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<Is there any reason to like the c4 position for black more in the okelly than the one for the taimanov when the one for the taimanov has white spend often 3-4 tempis on getting the same structure? Any at all other than your personal preference?>>Definitely, in my opinion at least. The tempi white spends are directed at more than just getting in c4, although c4 is like the cement that makes white's position so convincing against the Taimanov.Of course, what success I've had against c4 speaks for the fact that the O'Kelly seems to suit my style. Quite often there is only one line that frees black's game, quite often based on the advance b5. It is a difficult defence for black to play, having to balance development with counter-attacking possibilities. It is EXTREMELY hypermodern and that quite simply is not to the taste of most GMs, who prefer classical positions because GMs draw on their incredible knowledge of previously played lines.In some variations, black is forced into apparently desperate counter-attacks and in others, black may dominate the centre with his extra pawn. Often the d pawn remains on d7; sometimes black's f pawns are doubled, giving very good chances on the g file, although black automatically goes down a pawn by losing the h pawn. Again, losing pawns isn't to everyone's taste. The opening is extremely dynamic and unbalanced. THAT's why people don't like it. Occasionally black loses, which is only to be expected. There seems to be a VERY low percentage of draws. I like that but you may not! However, if I felt the opening was unsound I'd play something else instead. My second string defence is the Caro-Kan. I think that's WAY less sound than the O'Kelly, but then I'm not an expert on the Caro-Kan.Back to the O'Kelly, GMs don't like it but I'm convinced that sooner or later it is bound to be played and then gain in popularity. They don't like it so they recommend sidetracking it. They tend to believe that 3 d4 is actually a mistake against the O'Kelly but they gave up recommending 3.c4 20 years ago!So ....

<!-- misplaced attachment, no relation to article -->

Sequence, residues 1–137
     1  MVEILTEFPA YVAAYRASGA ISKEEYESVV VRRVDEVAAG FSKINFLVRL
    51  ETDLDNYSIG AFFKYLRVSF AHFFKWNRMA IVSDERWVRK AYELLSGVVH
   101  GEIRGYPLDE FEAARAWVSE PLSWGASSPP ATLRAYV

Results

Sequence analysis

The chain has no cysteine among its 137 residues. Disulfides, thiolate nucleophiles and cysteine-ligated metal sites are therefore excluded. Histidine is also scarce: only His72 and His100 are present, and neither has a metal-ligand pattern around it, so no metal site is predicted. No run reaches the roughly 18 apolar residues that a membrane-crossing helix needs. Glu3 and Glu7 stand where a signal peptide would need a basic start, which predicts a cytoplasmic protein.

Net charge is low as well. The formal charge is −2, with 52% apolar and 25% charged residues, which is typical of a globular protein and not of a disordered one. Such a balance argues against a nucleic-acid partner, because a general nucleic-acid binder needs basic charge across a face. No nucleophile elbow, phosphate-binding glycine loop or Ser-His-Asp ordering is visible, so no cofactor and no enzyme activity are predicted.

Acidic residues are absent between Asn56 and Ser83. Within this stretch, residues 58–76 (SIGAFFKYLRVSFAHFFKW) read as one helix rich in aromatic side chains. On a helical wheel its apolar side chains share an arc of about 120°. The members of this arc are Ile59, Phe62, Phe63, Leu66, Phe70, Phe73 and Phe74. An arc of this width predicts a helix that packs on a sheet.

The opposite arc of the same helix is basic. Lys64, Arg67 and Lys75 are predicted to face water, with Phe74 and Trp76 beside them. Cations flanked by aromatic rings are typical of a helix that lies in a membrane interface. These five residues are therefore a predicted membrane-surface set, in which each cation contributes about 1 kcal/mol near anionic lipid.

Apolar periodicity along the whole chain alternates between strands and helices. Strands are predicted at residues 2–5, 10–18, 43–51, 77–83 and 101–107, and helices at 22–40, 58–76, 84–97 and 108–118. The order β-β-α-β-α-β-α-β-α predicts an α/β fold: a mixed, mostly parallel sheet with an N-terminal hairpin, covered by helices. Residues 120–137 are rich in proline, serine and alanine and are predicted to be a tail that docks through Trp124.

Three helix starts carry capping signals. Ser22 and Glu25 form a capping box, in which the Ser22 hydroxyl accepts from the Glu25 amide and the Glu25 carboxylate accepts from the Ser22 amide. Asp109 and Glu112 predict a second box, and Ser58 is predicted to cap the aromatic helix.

In the Regular Dragon, you can get rolled off the board quickly if you don't know what your doing. White's play just seems so much easier...
I actually think the Najdorf (and Scheveningan with Najdorf move order) is easier. Its more positional than the Dragon though. More about the feel for the position than a ton of theory in the Dragon.
And just be aware that you often have to defend for a long time in the Najdorf/Schev...Its not all about attack,attack,attack.
Ftacnik even says that you need to have "knowledge of typical piece manoeuvres, when to defend, when to counterattack. The last of these can take some time and practice to develop, but once you have it, you will truly be the master of an unbreakable defensive system of a lifetime."
It is true that the Dragon is risky at a good level (say, 2400+), but probably no riskier than something like the Modern Benoni or the Pirc.
I will say though, in my 17-year chess career the two openings for Black I've seen that a person can learn very well and play 200-300 points above their level JUST BY KNOWING THE OPENING EXTREMELY WELL are the Sicilian Dragon (not Accelerated, hell no) and the Benko Gambit. I've never played them in my career, but it is simply uncanny how people can learn these two openings and become simply so hard to face. Game after game after game they wheel these openings out in tournaments and get very good-to-excellent results overall. I personally know several players (and I'm talking 2100+ USCF) who use the Dragon or Benko and know it so well and just kill people.
I agree that the Najdorf/Scheveningen are not attacking systems. The Najdorf is dynamic, and the Scheveningen is even a counterattacking system, in my view. These two systems are superior to the Dragon if one takes a long-term view of chess development. But to me (below the titled ranks) there is no doubt: the Sicilian that will bring the best results-per-unit-study time is the Dragon.
Hey, I forgot to mention that since the O'Kelly transposes to the Paulsen in the c4 variation, to say that c4 defeats the O'Kelly is the same as saying that it defeats the Paulsen and nobody thinks that. The Paulsen is played at top levels. Ergo, the argument that c4 refutes the O'Kelly fails.
Hyper-Accelerated Dragon is where it's at .